> > can always find the lower bound modules in the hierary which do not change
> > so much and segragate them in another SCM repos. Those should undergo the
> > release process, share release versions and avoid sharing SNAPSHOT
> > versions.
> >
> > You can find the top roots which are actually applications. If you have 10
> > WAR files as a result of the build and all of them should be deployed, then
> > there is a strong reason to separate them in separate SCM repos.
> >
> > Then this separation concept will guide you to isolate the middle layers
> > into isolated services as JAR files. And then you endup with Microservices,
> > SOA services and not JAR files or you will be much closer to them. the huge
> > monolith project is gone.
> >
> > All the development process will be faster and more flexible than it was
> > before. Just try!
> >
> > Cheers
> > Tibor17
> >
> > On Sat, Sep 14, 2019 at 5:23 PM Alexander Ashitkin <
> > [hidden email]>
> > wrote:
> >
> > > HI Enrico
> > > Thanks for feedback. that's a side discussion for best approach for
> > > projects layouts. Monorepo has own own advocates and it is easy to find
> > > posts describing why google, microsoft or facebook go monorepo.
> > > Unlike of way of thought, we are ready to go globally in case of
> > emergency
> > > scenario. If say zero-day vulnerability is discovered in some of
> > low-level
> > > widely reused core libraries, we need just one click to build/test/deploy
> > > and safely go live globally with whole estate updated on scale of
> > thousands
> > > of processes. And you know, there are people in the world who think that
> > > scattered across small repos codebase is difficult to maintain and
> > > snapshots are evil. It all depends.
> > > Honestly, i think it will be it's a kind of reversed approach them you
> > > build system defines how your software development processes work. Google
> > > has own vision and just implemented Bazel and this is correct approach.
> > Btw
> > > Bazel is perfect for such scenario, but costly to migrate on for existing
> > > project.
> > >
> > > So if you choose monorepo as we did it is normal to work just on a part
> > of
> > > project. You just need a way to deal with scalability challenges:
> > > a) you hit hardware and infrastructure limitations and need to address
> > > them in some way.
> > > b) need to have incremental build so you can work on subpart of project
> > > but contribute to shared codebase
> > >
> > > Sincerely yours, Aleks
> > >
> > > On 2019/09/14 08:41:37, Enrico Olivelli <[hidden email]> wrote:
> > > > I feel that in general having an huge monolithic project is kind of a
> > > > project-smell.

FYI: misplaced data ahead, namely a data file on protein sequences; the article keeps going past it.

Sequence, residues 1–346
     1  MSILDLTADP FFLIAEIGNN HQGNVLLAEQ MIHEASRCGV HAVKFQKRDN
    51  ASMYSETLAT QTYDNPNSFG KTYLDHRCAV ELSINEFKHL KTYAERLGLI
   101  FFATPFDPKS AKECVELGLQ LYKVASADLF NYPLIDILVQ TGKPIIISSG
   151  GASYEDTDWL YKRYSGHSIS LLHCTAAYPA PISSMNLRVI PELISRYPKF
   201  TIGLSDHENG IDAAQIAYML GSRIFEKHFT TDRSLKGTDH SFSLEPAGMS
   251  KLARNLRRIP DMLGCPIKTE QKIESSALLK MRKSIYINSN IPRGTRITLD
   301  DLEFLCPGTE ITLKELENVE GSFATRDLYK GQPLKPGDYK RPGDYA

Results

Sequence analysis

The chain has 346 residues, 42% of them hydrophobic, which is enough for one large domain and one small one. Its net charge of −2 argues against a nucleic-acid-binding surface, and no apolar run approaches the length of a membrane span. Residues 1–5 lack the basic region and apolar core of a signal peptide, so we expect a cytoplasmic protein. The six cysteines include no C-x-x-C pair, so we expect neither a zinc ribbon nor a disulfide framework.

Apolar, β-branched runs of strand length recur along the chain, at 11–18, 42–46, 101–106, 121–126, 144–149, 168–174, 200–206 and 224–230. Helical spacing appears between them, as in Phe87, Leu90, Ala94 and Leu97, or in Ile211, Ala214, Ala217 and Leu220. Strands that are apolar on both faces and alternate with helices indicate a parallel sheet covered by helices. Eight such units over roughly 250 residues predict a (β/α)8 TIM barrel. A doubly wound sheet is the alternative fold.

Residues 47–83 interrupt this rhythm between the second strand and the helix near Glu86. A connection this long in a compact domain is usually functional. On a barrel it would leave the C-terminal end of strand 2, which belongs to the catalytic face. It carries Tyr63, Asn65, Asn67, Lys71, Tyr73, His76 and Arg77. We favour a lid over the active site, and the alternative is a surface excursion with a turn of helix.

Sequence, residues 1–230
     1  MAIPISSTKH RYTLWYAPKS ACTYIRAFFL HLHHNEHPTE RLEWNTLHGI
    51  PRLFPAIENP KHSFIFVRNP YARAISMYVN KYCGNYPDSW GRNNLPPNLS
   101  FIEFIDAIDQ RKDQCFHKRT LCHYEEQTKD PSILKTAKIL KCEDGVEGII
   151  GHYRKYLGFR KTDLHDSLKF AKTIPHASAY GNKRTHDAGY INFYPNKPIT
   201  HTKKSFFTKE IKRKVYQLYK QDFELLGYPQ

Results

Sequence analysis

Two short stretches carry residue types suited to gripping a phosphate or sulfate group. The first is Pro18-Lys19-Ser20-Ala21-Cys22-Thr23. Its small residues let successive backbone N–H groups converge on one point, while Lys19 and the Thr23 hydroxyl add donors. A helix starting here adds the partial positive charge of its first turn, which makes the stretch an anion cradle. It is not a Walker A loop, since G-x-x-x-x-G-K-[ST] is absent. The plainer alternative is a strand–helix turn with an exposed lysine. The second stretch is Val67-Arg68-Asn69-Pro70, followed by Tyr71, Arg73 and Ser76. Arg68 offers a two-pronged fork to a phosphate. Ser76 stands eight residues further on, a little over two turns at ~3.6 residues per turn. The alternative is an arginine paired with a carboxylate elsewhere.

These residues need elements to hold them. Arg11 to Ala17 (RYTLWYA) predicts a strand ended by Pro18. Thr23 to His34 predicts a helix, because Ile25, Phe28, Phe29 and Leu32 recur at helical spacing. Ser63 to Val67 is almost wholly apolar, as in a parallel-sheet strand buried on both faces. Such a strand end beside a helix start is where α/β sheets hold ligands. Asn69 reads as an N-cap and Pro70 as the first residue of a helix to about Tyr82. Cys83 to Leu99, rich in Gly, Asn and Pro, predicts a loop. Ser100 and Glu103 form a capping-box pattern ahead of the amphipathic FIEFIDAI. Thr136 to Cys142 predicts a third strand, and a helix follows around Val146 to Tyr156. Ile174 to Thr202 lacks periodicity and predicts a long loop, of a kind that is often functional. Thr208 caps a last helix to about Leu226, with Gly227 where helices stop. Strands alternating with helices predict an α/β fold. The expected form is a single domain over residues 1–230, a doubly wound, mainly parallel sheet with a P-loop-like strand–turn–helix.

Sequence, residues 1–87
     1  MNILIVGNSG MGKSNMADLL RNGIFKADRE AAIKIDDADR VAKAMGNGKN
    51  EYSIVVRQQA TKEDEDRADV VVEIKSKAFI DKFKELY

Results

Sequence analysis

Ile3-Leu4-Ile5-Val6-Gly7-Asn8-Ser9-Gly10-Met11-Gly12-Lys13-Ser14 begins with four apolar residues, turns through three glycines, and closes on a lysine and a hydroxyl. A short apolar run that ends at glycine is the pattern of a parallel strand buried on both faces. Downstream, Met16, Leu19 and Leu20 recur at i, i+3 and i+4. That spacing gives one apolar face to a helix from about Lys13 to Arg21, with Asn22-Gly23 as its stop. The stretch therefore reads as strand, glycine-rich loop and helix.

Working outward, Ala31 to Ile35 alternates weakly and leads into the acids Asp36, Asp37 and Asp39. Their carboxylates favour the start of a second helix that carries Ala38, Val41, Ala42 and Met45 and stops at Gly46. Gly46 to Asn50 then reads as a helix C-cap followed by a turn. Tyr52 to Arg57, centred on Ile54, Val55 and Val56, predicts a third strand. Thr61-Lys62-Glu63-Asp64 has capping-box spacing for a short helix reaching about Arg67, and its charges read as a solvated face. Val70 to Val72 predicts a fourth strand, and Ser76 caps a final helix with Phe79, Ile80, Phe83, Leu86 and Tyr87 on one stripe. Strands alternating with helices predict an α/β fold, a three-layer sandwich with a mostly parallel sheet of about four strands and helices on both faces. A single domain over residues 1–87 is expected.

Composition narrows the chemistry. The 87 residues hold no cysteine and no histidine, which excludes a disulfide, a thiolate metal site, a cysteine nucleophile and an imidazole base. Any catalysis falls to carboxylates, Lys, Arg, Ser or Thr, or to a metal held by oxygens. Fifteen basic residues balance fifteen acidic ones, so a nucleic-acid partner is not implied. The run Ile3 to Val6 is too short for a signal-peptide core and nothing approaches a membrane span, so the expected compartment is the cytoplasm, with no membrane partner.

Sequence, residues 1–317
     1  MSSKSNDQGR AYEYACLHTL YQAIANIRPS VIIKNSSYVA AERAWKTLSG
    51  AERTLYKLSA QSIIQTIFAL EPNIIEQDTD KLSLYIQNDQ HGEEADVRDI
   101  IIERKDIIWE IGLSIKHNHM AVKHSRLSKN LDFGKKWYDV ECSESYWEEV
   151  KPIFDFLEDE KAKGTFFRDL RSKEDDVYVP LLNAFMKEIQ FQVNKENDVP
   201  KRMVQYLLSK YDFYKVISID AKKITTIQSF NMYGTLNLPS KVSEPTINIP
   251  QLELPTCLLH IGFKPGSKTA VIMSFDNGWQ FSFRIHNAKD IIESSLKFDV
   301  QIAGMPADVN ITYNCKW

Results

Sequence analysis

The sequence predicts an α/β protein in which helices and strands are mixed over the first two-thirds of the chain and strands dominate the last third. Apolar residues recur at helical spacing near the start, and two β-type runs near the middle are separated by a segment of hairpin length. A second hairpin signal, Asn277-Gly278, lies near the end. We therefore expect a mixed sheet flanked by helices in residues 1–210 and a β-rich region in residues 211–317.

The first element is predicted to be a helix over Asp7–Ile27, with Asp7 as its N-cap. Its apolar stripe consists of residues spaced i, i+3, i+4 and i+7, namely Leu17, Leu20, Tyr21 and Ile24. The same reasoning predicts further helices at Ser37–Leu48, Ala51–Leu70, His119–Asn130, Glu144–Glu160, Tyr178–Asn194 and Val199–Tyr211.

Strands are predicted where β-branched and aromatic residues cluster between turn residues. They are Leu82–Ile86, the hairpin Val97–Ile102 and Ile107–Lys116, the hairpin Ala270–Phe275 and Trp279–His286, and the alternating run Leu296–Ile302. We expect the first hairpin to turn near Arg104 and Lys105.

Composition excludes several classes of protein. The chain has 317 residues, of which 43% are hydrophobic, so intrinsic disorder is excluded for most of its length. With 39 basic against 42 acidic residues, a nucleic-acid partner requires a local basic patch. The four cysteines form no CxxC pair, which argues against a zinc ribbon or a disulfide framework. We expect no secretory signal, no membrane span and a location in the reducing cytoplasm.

> > > > Btw I have some big project with 100+ modules so I can see your pain.
> > > > In the daywork experience a single developer doesn't work on all of the
> > > > modules but usually you touch 1-2 modules and maybe some
> > > integration/system
> > > > test.
> > > > If you need to rebuild the full project for every change maybe there is
> > > > something wrong with the overall design.
> > > >
> > > > I think you have you motivations for your layout, so let's talk about
> > > your
> > > > proposal.
> > > >
> > > > If you have a way to split your project in subsystems you can use some
> > > > shared remote repository for deploying snapshots in order to share
> > > > intermediate results with other developers
> > > >
> > > > If your goal is to be ready for releases I don't get your point.
> > Usually
> > > > you work with snapshots and for a release you have to rebuild one time
> > > and
> > > > only once the full codebase in order to ensure that you a consistent
> > > build
> > > > of the project.
> > > > With all of this kind of temporary caches how do you ensure that the
> > > final
> > > > artifacts are the intended ones?
> > > >
> > > >
> > > > Beside note: this is not a real VOTE thread
> > > >
> > > > Just my 2 cents
> > > >
> > > > don't get me wrong, I admire your will to improve Maven ecosystem with
> > > this
> > > > cool feature! Thank you for contribution your work. We will try to get
> > > the
> > > > best
> > > >
> > > > Enrico
> > > >
> > > > Il sab 14 set 2019, 08:29 Laird Nelson <[hidden email]> ha
> > scritto:
> > > >
> > > > > On Fri, Sep 13, 2019 at 11:01 PM Alexander Ashitkin <
> > > > > [hidden email]> wrote:
> > > > >
> > > > > > This feature is true incremental build – you don’t build modules
> > > which
> > > > > > were not changed at all and build only modified/changed ones.
> > > > > >
> > > > >
> > > > > Suppose module B depends on module A and I change A.  Does B get
> > > rebuilt in
> > > > > your system?
> > > > >
> > > > > Best,
> > > > > Laird
> > > > >
> > > >
> > >
> > > ---------------------------------------------------------------------
> > > To unsubscribe, e-mail: [hidden email]
> > > For additional commands, e-mail: [hidden email]
> > >
> > >
> >
> >
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> > This e-mail may contain confidential and/or privileged information. If you
> > are not the intended recipient (or have received this e-mail in error)
> > please notify the sender immediately and delete this e-mail. Any
> > unauthorized copying, disclosure or distribution of the material in this
> > e-mail is strictly forbidden.
> >
> > Please refer to https://www.db.com/disclosures for additional EU
> > corporate and regulatory disclosures and to
> > http://www.db.com/unitedkingdom/content/privacy.htm for information about
> > privacy.
> >
>